This is a most unusual story since it is the result of the collaboration between well-known Australian children’s author Elizabeth Honey and her German translator, Heike Brandt.  Together they have produced a story about a girl, Henni who lives in Melbourne, Australia and who communicates mainly by email with a boy, Leo Schmidt in Berlin.  I have read other novels involving email correspondence and have often found them tedious as it is very difficult to sustain a convincing and interesting plot.  However this book is a welcome exception.  While Henni is staying at a house in Cauldron Bay (this story is told in the novel Ballad of Cauldron Bay pb $15.95) Henni discovers that a German family and a boy called Leopold Schmidt lived in the house in 1915.  She leaves a note in a box of German books with her address and is amazed when she receives a postcard from a boy Leopold Schmidt living in Berlin.  So begins an intriguing correspondence as they work out how Leo came to write to Henni and they endeavour to find out more about each other and the boy called Leopold Schmidt who lived in 1915.  Henni becomes so interested she decides to research it as a topic for her school project and this provides much fascinating historical documentation about early German immigration to Australia and the treatment of Germans in Australia during the 2 World wars.  This book is not at all dry; it is extremely lively and the two characters come vividly to life.  The emails fly backwards and forwards providing much amusement and also glimpses of the difference and similarities between their lives.  Whene one of Leo’s friends turns out to be an illegal immigrant and Leo becomes involved in trying to hide and help his friend and his friend’s mother from being deported, we learn incidentally about some of the problems of immigration in Germany and Australia today.  I especially liked the humour in the emails, especially humour concerning the difficulties of translation and also some of the extraordinarily long German words that exist.  This is an exuberant book which children will enjoy reading and will be an excellent book for discussion on a variety of topics.   (10 – 14 years)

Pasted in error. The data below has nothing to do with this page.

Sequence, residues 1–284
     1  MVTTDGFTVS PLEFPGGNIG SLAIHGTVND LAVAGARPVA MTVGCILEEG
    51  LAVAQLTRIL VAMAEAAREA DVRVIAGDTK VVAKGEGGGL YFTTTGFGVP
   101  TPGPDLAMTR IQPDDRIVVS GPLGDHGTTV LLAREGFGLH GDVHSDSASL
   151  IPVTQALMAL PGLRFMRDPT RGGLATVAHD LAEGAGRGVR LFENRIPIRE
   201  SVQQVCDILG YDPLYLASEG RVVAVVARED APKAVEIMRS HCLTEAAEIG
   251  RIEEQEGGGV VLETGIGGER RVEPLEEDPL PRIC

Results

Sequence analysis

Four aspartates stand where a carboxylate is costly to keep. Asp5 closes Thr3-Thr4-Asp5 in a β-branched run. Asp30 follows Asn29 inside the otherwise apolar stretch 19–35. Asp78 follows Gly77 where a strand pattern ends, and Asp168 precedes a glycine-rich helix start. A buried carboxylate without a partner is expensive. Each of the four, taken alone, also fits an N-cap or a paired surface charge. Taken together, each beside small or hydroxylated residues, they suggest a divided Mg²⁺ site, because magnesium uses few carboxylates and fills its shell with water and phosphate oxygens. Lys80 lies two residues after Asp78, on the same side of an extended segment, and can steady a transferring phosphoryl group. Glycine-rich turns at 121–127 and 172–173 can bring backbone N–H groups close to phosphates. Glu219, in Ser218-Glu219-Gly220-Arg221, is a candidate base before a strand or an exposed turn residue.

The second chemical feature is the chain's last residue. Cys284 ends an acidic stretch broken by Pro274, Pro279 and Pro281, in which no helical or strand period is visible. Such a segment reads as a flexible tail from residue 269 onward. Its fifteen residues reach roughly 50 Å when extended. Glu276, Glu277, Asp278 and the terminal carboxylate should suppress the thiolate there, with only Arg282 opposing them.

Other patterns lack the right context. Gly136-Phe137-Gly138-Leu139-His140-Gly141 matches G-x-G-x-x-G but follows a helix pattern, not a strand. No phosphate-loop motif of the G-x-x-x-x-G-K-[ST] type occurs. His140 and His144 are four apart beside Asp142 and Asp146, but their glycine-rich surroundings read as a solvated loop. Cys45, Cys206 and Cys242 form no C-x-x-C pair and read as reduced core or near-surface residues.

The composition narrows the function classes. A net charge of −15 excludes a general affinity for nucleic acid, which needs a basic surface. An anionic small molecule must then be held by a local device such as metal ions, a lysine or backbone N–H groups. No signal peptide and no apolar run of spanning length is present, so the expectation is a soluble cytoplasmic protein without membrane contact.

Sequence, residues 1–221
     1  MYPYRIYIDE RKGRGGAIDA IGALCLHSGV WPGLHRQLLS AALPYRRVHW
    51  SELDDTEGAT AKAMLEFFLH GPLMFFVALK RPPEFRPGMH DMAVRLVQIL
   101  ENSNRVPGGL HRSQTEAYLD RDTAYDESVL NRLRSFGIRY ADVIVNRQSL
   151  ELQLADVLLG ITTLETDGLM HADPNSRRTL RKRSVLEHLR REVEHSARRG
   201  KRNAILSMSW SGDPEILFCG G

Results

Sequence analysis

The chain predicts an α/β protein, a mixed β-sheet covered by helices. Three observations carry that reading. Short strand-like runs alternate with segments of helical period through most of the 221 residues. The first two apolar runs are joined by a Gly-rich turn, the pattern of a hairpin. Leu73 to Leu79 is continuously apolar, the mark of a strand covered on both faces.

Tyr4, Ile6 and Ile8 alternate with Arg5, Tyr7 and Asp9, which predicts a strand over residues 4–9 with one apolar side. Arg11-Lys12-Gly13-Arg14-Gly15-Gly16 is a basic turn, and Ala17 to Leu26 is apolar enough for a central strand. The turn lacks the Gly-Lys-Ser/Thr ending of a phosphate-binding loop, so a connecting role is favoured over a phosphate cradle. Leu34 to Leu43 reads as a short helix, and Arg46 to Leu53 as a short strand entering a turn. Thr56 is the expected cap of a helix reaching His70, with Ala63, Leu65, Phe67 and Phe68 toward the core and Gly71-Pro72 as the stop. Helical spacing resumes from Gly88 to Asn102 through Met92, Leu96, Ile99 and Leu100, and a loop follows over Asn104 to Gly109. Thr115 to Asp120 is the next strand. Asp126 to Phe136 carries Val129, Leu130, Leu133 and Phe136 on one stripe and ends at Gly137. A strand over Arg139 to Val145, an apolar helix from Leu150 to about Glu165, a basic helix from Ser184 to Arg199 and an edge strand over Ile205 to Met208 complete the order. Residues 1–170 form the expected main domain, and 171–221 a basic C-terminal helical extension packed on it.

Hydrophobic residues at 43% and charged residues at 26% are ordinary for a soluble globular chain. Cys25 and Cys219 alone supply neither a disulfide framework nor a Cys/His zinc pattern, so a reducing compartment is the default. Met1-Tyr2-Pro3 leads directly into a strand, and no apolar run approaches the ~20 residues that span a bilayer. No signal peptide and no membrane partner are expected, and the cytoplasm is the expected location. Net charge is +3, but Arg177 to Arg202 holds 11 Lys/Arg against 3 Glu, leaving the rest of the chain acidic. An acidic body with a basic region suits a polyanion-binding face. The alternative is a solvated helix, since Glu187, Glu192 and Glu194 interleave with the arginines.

The Key to Rondo by Emily Rodda hardback $30.00